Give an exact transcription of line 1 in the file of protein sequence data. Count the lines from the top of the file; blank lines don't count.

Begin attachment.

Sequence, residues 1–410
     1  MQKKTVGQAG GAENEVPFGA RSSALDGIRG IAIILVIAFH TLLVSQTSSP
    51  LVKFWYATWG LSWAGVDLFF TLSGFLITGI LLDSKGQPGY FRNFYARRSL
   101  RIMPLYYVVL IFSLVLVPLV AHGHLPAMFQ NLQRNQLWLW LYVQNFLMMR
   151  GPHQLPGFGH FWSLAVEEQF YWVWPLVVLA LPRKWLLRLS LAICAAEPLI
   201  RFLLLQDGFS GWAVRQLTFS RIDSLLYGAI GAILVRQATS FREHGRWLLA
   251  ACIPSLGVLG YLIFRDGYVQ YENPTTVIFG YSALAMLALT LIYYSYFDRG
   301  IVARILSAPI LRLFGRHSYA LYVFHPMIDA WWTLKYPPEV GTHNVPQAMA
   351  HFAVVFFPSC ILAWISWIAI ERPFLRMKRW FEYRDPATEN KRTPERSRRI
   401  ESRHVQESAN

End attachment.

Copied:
Sequence, residues 1–410